HOW TO WRITE THE PERFECT SYNOPSIS

 

Royal FP(From a Writer’s Work Shop)

Most agents will ask you to send them a submission pack containing three items:

  • A covering letter (see advice here and sample here)
  • A synopsis
  • The first three chapters / 10,000 words of                                                                         your novel

Most agents will look at the covering letter first, then turn to the manuscript. If they like the first three chapters, they’ll be thinking, “This book looks really interesting. I’m definitely tempted . . . but is the author going to hold my interest over the full 300 / 400 pages? Is it worth me making that investment of time to read the whole thing?”

That’s where the synopsis comes in. The synopsis is there to answer the question, “What is the story of this book? Is there a clear story arc and will there be a satisfying ending?”

Obviously the actual experience of reading a synopsis is quite underwhelming. Synopses are boring, technical documents which (we hope) would not be true of your novel. But that doesn’t matter. Agents know synopses are dull, so all your synopsis really has to do is:

  • tell the agent in very clear terms what your story is
  • make it clear what your hook / premise / elevator pitch is (more info here)
  • give some kind of feeling for why the story matters & how the jeopardy increases
  • sketch out an ending that feels satisfying

But – and this should be reassuring – agents do know that synopses are hard to write and they care less about the synopsis than any other part of your submission package.That means you probably don’t need to worry excessively about your synopsis – just follow the guidelines below and you’ll do just fine.

How to write a perfect synopsis

A perfect synopsis has the following ingredients:

  • Length: 500-800 words
  • Main purpose: Summarise your plot
  • Secondary purpose: Make it clear what Unique Selling Point your book has
  • Language: Be businesslike: clear, to the point, neutral.
  • Presentation: Be well-presented: no typos or spelling mistakes. Normal font size, normal margins. Line spacing no narrower than 1.5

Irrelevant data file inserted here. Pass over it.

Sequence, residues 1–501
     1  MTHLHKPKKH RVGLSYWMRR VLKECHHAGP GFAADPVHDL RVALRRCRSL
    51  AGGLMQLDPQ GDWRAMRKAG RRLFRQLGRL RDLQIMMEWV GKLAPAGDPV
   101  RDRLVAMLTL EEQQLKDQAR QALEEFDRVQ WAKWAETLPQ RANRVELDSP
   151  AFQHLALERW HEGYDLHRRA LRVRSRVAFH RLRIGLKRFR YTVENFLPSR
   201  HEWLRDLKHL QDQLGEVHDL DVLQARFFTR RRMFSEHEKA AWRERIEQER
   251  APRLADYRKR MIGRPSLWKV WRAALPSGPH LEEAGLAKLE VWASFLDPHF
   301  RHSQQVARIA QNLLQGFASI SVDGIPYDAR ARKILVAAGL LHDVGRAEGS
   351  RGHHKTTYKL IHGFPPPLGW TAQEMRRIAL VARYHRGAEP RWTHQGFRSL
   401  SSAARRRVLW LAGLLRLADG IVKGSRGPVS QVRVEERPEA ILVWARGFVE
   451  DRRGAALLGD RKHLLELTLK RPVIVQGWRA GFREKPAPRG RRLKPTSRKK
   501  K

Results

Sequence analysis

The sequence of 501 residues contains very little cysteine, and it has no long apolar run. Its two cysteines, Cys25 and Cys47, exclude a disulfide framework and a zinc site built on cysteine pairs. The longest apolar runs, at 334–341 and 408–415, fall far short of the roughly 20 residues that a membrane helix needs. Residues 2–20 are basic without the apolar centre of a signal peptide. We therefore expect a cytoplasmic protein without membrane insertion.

• Character names. It helps if you put the names of main characters in bold or CAPS when you first introduce them. That way, if an agent has forgotten who Carlotta is, it’s easy for them to skim back and jog their memory. (Remember that agents are reading a lot of these things, so they have about a million character names in their heads at any one time.)
  • Extra points. It’s certainly not essential, but if you have a really compelling way to ‘sell’ your story in 2-3 lines maximum, then you could insert that little snippet up at the top of your synopsis as a way of reminding agents why they’re interested in this MS in the first place. For example, a certain Ms Rowling might have opened her synopsis with, “Harry Potter, an orphan, thinks he is an ordinary boy when an owl brings him a letter inviting him to attend wizard school.” That’s not strictly speaking synopsis material, but it does instantly emphasise the book’s appeal.
  • And remember: Tell the story: your job is not to sell the book, write dust jacket blurb, or anything else. Just say what happens in the story. That’s all you need to do.

And luckily there are things you don’t need to do:

  • Go into great detail about setting. If you were writing a synopsis for a Jane Austen novel for example, you might simply say “This novel is set in a small village in Regency England.”
  • Go into vast detail about character – a few quick strokes are all that you need. For example you might say: “Bridget Jones – a ditzy, mildly boozy twenty-something – …”